SleepSavvy • September 2009



Welcome to the World of NEW. This September, step into a world of “new” at Las Vegas Market. A world focused on new styles and trends to inspire you—and tempt your customers. Where virtually every manufacturer will be introducing new and exclusive products in all home furnishing and accessory categories—before you see them anywhere else. At a time when “new” is necessary and business-as-usual doesn’t work––come to Las Vegas Market for new products, new promotions, and new events that allow you to win. Enter the world of “new.”

New World. New Way. www.lasvegasmarket.com

S howcase Consumers’ interest in natural sleep products is growing. RejuveNite’s natural Talalay latex pillows are the newest addition to our ComfortMatchTM pillow personalizing system, which fits consumers to their perfect pillow based on their size, comfort preference and sleep position. These natural pillows are available in high profile for side and back sleepers and low profile for stomach sleepers. The pillows include a certified organic, 100% cotton washable cover and ecofriendly consumer packaging that uses jute and hemp fibers. For more information, contact Kevin Stein, VP Marketing and R&D, at KStein@LatexIntl.com. Visit us in Las Vegas at our new showroom, B-945. Latex International 510 River Rd. Shelton, CT 06484 Phone 800-528-3987 x347 www.latexinternational.com

Universal Bedlegs—strong, simple, green. Bedlegs are the only environmentally friendly bed support solution on the market. They are made with 100% recycled material for a minimal carbon footprint, and they are easy to install!  For years, metal bed frames were the standard for bed support. Today, our versatile Bedlegs are designed to screw directly into a standard box spring, eliminating the old metal frames. All you or your customers need is a power drill and a few minutes. Available in 3”, 5”, 7” or 10” heights, Universal Bedlegs also provide extra under-bed storage. Choose the shorter legs for kids and seniors or the taller ones for storage. Help your customers say goodbye to stubbed toes and bruised shins caused by metal frames, forever!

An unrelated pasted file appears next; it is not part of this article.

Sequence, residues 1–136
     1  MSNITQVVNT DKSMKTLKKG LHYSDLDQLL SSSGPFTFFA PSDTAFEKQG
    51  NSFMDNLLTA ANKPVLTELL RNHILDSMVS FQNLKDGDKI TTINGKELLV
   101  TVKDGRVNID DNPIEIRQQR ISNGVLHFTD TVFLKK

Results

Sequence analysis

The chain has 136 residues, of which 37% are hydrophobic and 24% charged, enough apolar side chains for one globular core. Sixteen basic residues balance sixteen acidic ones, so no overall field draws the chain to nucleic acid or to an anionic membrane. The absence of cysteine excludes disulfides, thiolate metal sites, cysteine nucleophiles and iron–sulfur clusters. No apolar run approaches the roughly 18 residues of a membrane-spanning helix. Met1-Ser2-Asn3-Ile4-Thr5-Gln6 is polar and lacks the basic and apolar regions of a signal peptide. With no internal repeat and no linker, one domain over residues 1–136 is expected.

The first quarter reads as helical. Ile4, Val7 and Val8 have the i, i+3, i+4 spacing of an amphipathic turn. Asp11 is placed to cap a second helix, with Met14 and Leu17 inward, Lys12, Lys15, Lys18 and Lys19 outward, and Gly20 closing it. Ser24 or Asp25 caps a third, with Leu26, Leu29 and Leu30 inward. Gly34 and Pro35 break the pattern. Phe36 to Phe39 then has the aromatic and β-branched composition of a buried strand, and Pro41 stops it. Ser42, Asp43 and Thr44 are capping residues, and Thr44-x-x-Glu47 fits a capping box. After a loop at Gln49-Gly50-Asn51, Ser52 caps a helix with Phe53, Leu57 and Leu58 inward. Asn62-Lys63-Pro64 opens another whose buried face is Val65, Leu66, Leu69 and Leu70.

Restonic has been awarded the Consumer Digest Best Buy for seven consecutive years. In recognition, we are offering a “7th Heaven Bed” program with strong consumer values—a collection of our best sellers in price points from $999 to $1,499. These beds feature our 660 and Marshal Coil units with special micro coil and upholstery applications. The program follows the same format as our “Limited Edition Imperial” promotion and features a package of support materials that includes TV and radio spots, floor banners, ROP ads, mail inserts, price cards and large window banners. Restonic is also remerchandising its entire Health Rest line of eco-friendly sleep products for the Las Vegas Market. For the first time, the Health Rest line features products from $699 to $1,199 for today’s price-conscious consumer. These strong value price points include offerings with latex, memory foam and our BIOflex patented Magnetic Sleep technology. Visit us in Las Vegas, showroom B-0926. Restonic 737 Main St. Buffalo, NY 14203 Phone 800-898-6075 www.restonic.com